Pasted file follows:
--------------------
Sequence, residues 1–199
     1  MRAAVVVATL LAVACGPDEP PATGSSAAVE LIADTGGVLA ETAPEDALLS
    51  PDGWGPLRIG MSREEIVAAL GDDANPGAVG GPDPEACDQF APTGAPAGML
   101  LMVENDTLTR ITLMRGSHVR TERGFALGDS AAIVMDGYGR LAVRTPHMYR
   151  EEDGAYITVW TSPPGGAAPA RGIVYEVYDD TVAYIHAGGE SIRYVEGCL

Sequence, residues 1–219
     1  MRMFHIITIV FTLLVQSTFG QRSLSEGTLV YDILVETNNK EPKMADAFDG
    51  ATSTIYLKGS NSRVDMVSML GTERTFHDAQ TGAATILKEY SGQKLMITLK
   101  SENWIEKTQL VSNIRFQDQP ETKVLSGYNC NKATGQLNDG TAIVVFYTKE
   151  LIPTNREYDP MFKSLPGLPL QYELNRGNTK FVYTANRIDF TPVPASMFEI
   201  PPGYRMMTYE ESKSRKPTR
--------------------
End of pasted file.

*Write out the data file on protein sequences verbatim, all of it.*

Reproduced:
Sequence, residues 1–199
     1  MRAAVVVATL LAVACGPDEP PATGSSAAVE LIADTGGVLA ETAPEDALLS
    51  PDGWGPLRIG MSREEIVAAL GDDANPGAVG GPDPEACDQF APTGAPAGML
   101  LMVENDTLTR ITLMRGSHVR TERGFALGDS AAIVMDGYGR LAVRTPHMYR
   151  EEDGAYITVW TSPPGGAAPA RGIVYEVYDD TVAYIHAGGE SIRYVEGCL

Sequence, residues 1–219
     1  MRMFHIITIV FTLLVQSTFG QRSLSEGTLV YDILVETNNK EPKMADAFDG
    51  ATSTIYLKGS NSRVDMVSML GTERTFHDAQ TGAATILKEY SGQKLMITLK
   101  SENWIEKTQL VSNIRFQDQP ETKVLSGYNC NKATGQLNDG TAIVVFYTKE
   151  LIPTNREYDP MFKSLPGLPL QYELNRGNTK FVYTANRIDF TPVPASMFEI
   201  PPGYRMMTYE ESKSRKPTR